Whether you’re a parent or a teacher, you want the best reading books for your children. There is a noticeable variance in the quality of reading material used in primary schools, both from a literacy and wider learning perspective.
Reading books used for guided and solo reading in class or at home, especially at primary level, often focus heavily on a structured reading level protocol. Whilst this serves a purpose, could there be other considerations for learning and personal development?
Primary reading books
Primary school children improve their reading skills by progressively reading more and more challenging texts. At each level, children encounter more complexity in one way or another. This might be more text for every picture, smaller text, bigger words, longer multi-clause sentences, longer stories, more complex sentence structures and increasingly difficult nouns, verb and adjectives. There are many variables!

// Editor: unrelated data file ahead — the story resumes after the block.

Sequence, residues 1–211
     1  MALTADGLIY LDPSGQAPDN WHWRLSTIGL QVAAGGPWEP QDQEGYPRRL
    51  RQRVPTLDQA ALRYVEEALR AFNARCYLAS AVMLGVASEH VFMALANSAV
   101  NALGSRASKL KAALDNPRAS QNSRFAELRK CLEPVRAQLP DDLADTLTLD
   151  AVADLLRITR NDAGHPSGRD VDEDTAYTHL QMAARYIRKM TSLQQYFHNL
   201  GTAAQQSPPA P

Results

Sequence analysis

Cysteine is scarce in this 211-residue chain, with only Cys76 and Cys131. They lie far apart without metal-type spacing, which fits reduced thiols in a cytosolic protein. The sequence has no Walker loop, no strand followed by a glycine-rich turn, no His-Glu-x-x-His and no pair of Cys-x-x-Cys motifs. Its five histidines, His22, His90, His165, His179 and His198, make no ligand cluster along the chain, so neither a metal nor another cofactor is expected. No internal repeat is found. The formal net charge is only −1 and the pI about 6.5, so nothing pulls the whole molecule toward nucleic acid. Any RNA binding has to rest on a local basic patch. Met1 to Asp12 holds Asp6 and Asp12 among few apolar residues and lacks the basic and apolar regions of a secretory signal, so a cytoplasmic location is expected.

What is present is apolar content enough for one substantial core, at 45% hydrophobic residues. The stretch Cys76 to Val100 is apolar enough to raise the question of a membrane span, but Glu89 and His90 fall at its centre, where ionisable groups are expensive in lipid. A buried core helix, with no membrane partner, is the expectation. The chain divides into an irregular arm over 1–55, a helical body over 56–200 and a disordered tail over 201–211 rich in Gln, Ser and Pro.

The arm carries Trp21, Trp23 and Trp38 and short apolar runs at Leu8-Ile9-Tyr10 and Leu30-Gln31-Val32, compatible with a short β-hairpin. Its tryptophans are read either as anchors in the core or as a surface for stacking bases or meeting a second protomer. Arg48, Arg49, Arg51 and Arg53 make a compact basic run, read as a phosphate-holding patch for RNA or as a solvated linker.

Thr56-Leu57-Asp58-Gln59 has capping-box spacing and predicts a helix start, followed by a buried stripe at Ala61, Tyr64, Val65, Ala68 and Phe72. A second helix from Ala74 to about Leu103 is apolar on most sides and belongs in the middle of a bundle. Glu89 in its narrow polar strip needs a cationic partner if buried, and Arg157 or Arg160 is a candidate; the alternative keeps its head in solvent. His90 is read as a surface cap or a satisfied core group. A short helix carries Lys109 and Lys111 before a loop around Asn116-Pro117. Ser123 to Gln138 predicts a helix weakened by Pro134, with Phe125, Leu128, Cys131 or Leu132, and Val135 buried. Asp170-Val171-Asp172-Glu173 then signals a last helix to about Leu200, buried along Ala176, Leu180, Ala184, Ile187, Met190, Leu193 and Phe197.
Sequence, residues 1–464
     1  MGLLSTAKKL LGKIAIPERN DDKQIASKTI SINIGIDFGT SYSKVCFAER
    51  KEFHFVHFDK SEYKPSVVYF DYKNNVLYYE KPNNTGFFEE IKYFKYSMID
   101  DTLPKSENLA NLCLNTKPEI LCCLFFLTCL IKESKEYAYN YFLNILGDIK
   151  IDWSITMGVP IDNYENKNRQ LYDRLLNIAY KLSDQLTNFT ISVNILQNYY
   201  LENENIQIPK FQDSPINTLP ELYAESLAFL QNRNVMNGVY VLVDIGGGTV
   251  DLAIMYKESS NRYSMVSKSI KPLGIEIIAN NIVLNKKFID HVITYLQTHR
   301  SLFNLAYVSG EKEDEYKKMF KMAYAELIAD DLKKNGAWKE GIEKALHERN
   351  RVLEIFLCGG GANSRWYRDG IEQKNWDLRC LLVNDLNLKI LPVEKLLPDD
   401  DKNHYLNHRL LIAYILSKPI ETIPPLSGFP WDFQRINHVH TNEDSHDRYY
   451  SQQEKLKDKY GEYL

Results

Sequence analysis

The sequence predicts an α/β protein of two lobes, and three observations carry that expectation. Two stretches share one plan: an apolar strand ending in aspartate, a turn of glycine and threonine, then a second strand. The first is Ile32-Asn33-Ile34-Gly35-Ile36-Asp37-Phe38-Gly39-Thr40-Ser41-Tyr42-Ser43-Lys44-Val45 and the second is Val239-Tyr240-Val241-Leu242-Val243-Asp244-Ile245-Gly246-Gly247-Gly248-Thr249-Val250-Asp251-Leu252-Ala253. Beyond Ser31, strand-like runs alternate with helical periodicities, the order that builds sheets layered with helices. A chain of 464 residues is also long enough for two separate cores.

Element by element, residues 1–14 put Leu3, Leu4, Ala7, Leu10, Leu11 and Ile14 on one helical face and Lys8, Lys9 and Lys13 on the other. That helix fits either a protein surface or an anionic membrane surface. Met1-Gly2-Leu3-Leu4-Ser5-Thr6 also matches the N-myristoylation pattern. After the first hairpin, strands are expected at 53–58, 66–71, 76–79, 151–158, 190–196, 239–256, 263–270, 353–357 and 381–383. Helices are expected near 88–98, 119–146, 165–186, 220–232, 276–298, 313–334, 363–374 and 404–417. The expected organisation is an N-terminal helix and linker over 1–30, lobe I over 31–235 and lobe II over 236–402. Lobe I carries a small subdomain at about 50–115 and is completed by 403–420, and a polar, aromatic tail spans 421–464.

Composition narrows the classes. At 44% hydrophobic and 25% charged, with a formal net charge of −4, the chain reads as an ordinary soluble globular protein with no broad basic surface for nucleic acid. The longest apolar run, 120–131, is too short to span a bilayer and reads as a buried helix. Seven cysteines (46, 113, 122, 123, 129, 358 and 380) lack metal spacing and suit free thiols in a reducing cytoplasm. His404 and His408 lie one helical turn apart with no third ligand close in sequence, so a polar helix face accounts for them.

Here’s the thing:
If children are reading often and pushing their abilities, with the right support, they will improve their skills. This is why the “guided” part of guided reading is so important in the early stages and it’s no surprise that children who spend more time reading at home with their parents tend to have higher IQs as well as reading ability. So it begs the question, should we rely so heavily on the colour-coded, levelled reading books we’re all so used to? Could our children be learning more from books with more meaning than books designed to help them read better?